In the past decade, dementia has become a baby-boomers’ aging-related terror projected for all to see: seniors like the living-dead, lost in a fog, unable to recognize their loved ones.
Alive Inside—released in 2014 and screening at Metro Cinema Saturday with the director joining via video—tries to dispel that nightmare, championing a project to reawaken dementia sufferers and other care-facility residents through music. Its audio-visual moments of quasi-resurrection are truly remarkable; the documentary is let down, though, by its narration and increasingly promotional feel-goodness.
Like many movies exploring care facilities for the aged, Michael Rossato-Bennett’s chronicle is an imprisonment-to-liberation tale. But it also shifts gears from personal essay to socio-historical critique and on to a project-promoting documentary. Enlisted by Dan Cohen to follow him for a day, Rossato-Bennett ended up trailing him through care facilities for three years. Cohen’s project—popping headphones, plugged into personalized music systems, onto the facilities’ residents—has immediate, astounding effects. Take Alzheimer’s-stricken Henry, quiet and withdrawn for years—now, headphones on, he looks up, his eyes bulging to life, and starts singing along to the gospel he’s loved since he was a boy. And it’s more than music therapy, but music-assisted memory rehabilitation as listeners start recalling fond memories sparked afire by the music.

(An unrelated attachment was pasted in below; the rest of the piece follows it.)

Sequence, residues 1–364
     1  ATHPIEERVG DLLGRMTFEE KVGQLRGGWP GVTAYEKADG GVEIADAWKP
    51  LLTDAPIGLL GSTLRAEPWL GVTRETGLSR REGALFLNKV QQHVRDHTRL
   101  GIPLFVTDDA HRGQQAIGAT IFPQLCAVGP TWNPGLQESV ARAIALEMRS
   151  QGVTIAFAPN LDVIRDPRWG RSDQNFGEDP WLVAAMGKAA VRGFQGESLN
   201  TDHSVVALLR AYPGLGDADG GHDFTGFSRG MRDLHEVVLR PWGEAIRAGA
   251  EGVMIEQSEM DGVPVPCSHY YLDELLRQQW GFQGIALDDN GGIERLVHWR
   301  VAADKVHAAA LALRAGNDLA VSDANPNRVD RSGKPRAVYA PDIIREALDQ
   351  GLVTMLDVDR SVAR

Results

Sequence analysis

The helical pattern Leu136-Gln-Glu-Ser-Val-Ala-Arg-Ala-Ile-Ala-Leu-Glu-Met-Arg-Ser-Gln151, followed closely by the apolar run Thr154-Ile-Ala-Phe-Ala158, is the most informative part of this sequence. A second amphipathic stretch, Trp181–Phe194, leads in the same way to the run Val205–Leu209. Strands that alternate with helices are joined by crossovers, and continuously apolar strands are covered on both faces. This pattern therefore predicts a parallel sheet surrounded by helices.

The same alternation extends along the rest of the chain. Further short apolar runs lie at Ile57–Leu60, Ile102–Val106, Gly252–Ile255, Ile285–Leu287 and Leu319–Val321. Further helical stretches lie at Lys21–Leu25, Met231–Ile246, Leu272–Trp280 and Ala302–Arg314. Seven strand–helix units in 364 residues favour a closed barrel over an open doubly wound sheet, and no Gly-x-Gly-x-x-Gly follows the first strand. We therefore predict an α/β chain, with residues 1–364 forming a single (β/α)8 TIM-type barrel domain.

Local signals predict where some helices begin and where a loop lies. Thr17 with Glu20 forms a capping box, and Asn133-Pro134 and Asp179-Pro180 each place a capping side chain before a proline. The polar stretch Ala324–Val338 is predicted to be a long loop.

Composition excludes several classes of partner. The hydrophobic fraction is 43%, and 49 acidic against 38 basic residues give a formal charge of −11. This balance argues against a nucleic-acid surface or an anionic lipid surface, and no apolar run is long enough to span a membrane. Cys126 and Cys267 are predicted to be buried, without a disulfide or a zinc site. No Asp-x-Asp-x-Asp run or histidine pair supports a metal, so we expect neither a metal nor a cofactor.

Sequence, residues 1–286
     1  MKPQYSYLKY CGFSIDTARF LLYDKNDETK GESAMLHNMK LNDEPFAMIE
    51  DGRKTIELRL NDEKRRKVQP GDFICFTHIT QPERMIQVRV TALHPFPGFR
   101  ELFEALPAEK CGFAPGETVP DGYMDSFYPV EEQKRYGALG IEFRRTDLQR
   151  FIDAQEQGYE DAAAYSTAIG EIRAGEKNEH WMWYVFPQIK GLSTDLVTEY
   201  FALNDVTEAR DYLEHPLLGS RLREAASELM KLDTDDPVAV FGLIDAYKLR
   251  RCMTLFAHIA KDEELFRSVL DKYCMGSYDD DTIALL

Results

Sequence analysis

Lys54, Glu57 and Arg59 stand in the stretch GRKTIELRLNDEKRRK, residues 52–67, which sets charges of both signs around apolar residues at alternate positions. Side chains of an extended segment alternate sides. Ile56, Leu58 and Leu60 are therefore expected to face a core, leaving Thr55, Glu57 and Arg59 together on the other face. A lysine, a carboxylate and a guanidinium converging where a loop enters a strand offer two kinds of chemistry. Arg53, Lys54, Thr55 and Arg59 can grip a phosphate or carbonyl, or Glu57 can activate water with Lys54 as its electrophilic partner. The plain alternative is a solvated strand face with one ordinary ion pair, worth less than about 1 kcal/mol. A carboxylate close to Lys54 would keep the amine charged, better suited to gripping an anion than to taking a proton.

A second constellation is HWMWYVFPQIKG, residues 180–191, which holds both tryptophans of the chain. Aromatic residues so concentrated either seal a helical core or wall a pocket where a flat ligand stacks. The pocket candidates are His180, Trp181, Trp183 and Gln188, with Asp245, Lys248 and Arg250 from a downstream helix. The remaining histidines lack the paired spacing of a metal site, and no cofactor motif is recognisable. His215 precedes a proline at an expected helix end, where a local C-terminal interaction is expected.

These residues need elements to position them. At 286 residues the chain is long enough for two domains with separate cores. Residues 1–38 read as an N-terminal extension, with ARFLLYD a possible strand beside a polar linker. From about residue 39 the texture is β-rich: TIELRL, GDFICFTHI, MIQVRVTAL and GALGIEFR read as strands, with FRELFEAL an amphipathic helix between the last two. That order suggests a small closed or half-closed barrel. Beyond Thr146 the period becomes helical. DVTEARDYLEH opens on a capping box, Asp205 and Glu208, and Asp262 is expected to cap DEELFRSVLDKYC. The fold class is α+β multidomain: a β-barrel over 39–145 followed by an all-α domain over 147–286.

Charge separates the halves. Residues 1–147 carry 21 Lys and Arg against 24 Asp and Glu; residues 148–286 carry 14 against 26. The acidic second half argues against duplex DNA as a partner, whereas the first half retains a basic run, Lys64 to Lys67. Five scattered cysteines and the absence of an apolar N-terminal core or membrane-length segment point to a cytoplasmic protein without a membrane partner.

Intriguing byways into understanding music’s hold over us are pursued, along with the history of America’s senior home system—warehousing, over-medicating, and overly clinical. But, especially as the movie jumps on board Cohen’s campaign to equip facilities with personalized music programs, it’s the often-precious narration which clangs. A few shots of hallways and sufferers feel like bad PSA horror scenes. There’s a preaching-to-the-converted sense when we see clips of people watching the segment with Henry, which went viral and boosted Cohen and Rossato-Bennett’s cause. Still, questions linger: Can visual aids (like the doc’s pictures and clips of sufferers’ childhood) help recuperate memories? Given how much Cohen says “iPods,” was Apple—one of the most profitable companies on the planet—approached to fund his program? And yet what remains undoubtable is how deeply moving it is to watch one shut-in after another be let loose, in a moment, by sound.